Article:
Does your child need more sleep?
Children often need more sleep than their parents allow for. Indeed, if your child won’t nap, or refuses to go to bed before 10pm at night, it’s easy to assume that they just don’t need much sleep. Yet that second wind, hyperactivity or difficulty winding down they display is most likely a sign that your child is NOT getting ENOUGH sleep, and could actually be sleep deprived. But how do you know if your child needs more sleep? That’s when sleep recommendations can be helpful (for a minimum amount at least).
So how much sleep should your child get?
In June 2016, the American Academy of Sleep Medicine released recommendations on how much sleep children need to promote optimal health. In reaching these guidelines, leading sleep experts reviewed 864 scientific articles that looked at the relationship between sleep duration and health.
The review found that sleeping the recommended number of hours on a regular basis was associated with improved attention, better behaviour, increased learning, enhanced memory and emotional regulation, improved mental and physical health, and higher quality of life overall; some very good reasons to make sleep a priority.
Of note, these recommendations suggested increases in the amount of sleep both infants and school-aged children need compared to previous recommendations released by the US National Sleep Foundation in February 2015.
To avoid the health risks associated with insufficient sleep, experts say your child needs to be getting the recommended amount of sleep (including naps) per day, on a regular basis. The recommendations for the different age groups are highlighted in bold so you can jump to the ones that apply to your family.
Notably, newborns under the age of 4 months have not been included in the recommendations due to wide variations in hours and sleeping patterns.
Age: 4-12 months Recommendation: 12-16 hours
While up to 16 hours is ideal, most infants only get the minimum 12 hours of sleep a day. At this age, establishing healthy sleep habits should be a priority. Your baby is much more social now, and his sleep patterns are more adult-like.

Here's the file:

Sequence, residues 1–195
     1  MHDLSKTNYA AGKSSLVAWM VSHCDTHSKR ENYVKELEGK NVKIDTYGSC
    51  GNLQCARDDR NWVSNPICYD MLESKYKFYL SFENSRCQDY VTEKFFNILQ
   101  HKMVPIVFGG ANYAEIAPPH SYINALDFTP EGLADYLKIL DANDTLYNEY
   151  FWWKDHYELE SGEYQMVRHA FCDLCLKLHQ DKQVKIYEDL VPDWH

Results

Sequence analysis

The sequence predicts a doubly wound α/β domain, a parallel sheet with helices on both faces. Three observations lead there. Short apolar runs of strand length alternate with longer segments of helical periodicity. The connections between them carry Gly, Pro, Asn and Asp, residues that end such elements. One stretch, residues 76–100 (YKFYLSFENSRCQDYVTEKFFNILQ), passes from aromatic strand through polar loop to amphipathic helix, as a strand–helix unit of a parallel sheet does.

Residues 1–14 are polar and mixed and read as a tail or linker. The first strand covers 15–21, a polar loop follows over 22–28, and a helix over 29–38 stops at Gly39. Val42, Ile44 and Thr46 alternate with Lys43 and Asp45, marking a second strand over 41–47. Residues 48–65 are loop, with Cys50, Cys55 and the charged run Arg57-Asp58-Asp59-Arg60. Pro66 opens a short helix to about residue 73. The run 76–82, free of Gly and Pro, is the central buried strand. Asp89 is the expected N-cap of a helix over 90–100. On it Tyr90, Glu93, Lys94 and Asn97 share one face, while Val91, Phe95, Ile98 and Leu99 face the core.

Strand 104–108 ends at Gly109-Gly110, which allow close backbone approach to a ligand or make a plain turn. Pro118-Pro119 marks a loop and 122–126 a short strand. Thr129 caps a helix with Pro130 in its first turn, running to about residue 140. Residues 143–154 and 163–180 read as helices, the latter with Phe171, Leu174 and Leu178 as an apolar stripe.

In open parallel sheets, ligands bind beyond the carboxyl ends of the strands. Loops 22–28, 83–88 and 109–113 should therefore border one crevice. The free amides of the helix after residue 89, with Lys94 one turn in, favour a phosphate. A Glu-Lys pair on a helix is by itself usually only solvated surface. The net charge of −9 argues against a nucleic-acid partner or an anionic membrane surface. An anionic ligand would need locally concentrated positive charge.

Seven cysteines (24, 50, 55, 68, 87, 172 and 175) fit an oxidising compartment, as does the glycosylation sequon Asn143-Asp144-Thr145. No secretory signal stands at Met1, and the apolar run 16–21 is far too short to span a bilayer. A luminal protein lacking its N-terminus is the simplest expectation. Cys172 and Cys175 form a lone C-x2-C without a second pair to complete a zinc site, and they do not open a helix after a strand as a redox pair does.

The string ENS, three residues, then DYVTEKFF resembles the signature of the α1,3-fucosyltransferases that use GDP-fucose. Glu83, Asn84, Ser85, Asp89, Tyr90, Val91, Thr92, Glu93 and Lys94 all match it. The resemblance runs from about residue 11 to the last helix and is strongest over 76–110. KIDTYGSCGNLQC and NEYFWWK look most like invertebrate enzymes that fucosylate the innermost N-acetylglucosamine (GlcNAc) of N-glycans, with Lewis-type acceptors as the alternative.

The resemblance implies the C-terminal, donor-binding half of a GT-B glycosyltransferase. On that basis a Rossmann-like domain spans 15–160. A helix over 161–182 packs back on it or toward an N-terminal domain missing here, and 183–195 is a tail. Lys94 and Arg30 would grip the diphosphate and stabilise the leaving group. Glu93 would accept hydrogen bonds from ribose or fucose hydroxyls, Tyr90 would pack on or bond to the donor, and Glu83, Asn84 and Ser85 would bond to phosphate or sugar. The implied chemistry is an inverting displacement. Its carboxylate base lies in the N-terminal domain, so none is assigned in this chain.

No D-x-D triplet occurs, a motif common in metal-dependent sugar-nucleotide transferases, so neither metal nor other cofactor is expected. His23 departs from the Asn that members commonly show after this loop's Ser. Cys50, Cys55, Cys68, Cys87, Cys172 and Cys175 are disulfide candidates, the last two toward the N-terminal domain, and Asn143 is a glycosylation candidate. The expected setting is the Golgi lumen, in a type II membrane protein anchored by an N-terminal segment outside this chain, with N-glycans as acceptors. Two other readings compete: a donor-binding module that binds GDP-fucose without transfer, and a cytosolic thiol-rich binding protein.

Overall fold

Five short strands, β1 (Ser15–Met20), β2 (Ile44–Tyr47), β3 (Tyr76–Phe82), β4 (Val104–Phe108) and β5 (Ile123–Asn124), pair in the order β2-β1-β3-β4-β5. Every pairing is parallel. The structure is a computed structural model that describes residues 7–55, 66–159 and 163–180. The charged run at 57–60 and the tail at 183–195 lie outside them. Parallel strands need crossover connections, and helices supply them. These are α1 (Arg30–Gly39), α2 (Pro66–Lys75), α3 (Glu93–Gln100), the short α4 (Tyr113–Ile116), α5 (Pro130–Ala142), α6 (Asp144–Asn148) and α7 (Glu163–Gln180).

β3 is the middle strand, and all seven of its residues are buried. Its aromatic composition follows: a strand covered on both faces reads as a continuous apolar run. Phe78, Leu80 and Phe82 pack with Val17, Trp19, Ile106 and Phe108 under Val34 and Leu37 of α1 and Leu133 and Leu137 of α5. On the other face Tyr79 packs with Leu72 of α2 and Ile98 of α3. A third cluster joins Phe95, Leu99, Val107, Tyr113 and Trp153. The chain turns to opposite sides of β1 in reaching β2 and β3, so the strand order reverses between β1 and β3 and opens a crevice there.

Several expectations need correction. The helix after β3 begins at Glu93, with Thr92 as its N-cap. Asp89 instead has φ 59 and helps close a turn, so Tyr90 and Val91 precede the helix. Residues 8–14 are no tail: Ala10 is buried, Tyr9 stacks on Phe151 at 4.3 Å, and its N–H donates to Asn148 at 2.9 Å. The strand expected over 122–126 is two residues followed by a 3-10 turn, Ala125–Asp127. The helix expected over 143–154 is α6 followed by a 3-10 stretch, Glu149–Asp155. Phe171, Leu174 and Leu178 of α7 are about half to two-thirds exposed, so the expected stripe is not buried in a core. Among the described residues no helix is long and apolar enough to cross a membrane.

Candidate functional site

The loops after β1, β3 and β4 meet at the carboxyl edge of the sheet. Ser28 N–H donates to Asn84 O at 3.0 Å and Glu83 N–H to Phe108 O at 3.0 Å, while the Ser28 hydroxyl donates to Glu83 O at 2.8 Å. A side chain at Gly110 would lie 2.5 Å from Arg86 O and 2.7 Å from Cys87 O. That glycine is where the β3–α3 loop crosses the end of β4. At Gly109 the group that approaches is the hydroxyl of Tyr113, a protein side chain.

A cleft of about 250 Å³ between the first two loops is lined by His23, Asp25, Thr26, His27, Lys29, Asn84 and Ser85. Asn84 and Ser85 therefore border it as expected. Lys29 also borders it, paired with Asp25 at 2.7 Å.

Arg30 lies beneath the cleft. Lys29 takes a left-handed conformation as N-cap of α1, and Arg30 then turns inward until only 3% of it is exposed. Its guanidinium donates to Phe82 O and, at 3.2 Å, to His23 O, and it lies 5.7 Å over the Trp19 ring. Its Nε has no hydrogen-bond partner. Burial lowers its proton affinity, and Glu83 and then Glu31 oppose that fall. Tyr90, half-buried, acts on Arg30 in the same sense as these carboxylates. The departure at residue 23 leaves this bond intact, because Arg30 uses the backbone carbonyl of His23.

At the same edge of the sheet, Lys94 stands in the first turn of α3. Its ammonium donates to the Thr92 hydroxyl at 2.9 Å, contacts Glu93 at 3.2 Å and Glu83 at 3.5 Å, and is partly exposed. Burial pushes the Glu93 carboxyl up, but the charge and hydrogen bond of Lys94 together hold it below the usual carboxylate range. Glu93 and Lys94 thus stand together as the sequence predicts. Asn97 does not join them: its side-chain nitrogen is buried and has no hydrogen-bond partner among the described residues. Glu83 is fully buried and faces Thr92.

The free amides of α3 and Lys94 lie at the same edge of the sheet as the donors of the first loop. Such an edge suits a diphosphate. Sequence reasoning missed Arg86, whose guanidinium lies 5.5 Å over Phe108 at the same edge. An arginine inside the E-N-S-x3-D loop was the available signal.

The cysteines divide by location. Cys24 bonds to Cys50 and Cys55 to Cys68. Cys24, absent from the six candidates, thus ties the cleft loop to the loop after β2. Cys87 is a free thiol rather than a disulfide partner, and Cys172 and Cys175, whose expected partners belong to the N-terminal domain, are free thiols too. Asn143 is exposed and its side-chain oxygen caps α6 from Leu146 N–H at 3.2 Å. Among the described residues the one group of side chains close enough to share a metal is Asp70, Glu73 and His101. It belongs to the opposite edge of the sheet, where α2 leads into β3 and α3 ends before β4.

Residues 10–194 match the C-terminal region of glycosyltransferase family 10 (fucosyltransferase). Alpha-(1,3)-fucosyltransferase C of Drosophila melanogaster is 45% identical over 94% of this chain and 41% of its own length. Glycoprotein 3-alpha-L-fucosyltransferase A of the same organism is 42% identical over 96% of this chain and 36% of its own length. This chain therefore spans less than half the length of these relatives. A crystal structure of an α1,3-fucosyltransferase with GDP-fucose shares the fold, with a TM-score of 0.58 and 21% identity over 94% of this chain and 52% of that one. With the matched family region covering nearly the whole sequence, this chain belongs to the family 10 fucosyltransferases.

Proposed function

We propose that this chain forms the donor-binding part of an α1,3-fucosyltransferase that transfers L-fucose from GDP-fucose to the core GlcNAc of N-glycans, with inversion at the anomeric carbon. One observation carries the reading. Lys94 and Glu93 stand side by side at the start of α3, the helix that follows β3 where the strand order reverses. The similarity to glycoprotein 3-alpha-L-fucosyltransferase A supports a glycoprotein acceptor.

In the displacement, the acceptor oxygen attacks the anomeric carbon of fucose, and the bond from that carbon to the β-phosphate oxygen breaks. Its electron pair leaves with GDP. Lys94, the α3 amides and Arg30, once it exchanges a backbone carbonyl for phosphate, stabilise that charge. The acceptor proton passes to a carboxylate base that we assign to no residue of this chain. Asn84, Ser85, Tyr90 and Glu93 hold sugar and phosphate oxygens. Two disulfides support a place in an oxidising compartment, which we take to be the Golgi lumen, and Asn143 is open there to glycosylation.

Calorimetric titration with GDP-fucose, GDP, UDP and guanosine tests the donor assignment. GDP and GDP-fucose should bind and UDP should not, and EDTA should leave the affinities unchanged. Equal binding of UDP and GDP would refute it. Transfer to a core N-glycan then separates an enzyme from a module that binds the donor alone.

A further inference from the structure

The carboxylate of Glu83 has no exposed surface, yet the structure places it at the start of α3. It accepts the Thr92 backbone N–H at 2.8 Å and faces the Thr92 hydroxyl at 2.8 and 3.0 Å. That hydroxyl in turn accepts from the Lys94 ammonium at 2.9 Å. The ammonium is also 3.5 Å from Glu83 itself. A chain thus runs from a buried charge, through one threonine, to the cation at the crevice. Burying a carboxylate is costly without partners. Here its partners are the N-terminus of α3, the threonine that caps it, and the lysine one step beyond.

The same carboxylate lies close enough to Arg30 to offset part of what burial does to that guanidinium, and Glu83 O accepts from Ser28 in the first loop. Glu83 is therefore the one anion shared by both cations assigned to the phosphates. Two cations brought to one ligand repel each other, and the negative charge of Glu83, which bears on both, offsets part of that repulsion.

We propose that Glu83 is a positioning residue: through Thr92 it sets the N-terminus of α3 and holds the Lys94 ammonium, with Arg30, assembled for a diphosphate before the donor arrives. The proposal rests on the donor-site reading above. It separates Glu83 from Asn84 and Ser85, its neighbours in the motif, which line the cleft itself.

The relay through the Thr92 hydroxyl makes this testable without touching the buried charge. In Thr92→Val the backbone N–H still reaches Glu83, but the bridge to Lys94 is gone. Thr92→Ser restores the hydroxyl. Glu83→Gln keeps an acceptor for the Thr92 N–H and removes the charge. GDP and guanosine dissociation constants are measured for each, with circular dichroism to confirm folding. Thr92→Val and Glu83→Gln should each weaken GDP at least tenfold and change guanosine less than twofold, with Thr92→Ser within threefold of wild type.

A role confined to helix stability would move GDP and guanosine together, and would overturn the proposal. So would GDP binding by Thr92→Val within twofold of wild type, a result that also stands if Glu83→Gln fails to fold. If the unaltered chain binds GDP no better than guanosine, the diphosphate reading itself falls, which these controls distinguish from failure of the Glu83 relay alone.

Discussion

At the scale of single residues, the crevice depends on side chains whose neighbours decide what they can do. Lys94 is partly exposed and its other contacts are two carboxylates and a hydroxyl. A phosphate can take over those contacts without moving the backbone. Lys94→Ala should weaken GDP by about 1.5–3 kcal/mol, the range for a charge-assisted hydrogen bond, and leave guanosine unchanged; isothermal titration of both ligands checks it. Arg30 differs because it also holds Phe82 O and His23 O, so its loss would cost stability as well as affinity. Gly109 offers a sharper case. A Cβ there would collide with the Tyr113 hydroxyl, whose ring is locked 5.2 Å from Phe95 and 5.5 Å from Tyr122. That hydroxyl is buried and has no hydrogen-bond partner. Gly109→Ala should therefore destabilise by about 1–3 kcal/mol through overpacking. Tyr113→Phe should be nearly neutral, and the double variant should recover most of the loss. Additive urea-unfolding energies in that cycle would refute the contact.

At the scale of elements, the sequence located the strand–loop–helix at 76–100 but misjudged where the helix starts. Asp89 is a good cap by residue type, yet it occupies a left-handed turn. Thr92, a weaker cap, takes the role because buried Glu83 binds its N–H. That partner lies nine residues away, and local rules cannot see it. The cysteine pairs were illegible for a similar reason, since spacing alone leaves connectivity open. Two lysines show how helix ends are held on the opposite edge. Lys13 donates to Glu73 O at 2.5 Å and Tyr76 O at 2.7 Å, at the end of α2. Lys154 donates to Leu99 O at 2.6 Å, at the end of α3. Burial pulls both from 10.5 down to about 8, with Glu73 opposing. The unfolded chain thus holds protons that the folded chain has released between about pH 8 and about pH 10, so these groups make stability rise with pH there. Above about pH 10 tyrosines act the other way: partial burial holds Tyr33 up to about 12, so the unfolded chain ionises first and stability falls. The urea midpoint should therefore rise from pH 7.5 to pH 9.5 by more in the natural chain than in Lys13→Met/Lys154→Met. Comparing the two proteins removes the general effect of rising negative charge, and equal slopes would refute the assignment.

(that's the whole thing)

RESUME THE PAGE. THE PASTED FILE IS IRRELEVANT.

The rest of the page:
Babies typically need three naps a day at four months old, reducing to two naps around 6 months of age, at which time they are also physically capable of sleeping through the night with no feeds!
Age: 1-2 years Recommendation: 11-14 hours
Although toddlers need up to 14 hours of sleep a day, they often receive only 10 to 11 hours.
As your child moves past their first year toward 18-21 months of age he will likely only nap once a day. The rest is made up at night.
Age: 3-5 years Recommendation: 10-13 hours
At age 3, a lot of children are still napping, although naps become shorter. At five years of age most children have given up all naps. These children need to receive their full quota over night.
Children aged 3-5 years will often go to bed between 7 p.m. and 9 p.m. and wake up around 11 hours later, if nothing disturbs them. In saying that, be aware that if your child engages in a lot of physically activity during the day he needs more sleep to recharge. This applies to children who are just starting school also; all the change and mental activity can make them more tired than normal, at least initially.
Age: 6-12 years Recommendation: 9-12 hours
With sport, school, and family activities, bedtimes gradually become later for children aged 6-12 years, with most 12-years-olds going to bed around 9 p.m.
In this age group you’ll find a wide range of bedtimes and total sleep times. Although the average duration is only 9 hours, a lot of these older children could benefit from more sleep, especially if they are physically active or have a learning difference.
Age: 13-18 years Recommendation: 8-10 hours
Sleep remains just as vital to the health and well-being of teenagers as it did when they were younger; indeed teenagers appear to need more sleep than they did in previous years. Unfortunately social and societal pressures conspire against them getting the proper amount of sleep in a lot of cases.
These recommendations published in The Journal of Clinical Sleep Medicine have been endorsed by the American Academy of Paediatrics, the Sleep Research Society, and the American Association of Sleep Technologists..
But how much is enough?
Even if your child meets the minimum recommendations, how do you know if your child is actually getting enough sleep? Every child is unique after all.
A child who is well-rested is curious, energetic, happy, playful and eager to learn. If this doesn’t sound like your child, and you think your child could be missing some of the sleep he requires, ask yourself the following questions:
- Does your child seem cranky, irritable, or overtired during the day?
- Do you have to wake your child almost every morning?
- Does your child frequently fall asleep during car trips?
If you answered yes to any of these questions, your child could indeed be sleep deprived and not be getting the sleep he or she needs. To change this pattern, you’ll need to help them develop good sleep habits. If you’re not sure where to start, book in a free 15 minute sleep call. or download your free getting started guide for babies and toddlers. Because everyone needs a good nights sleep!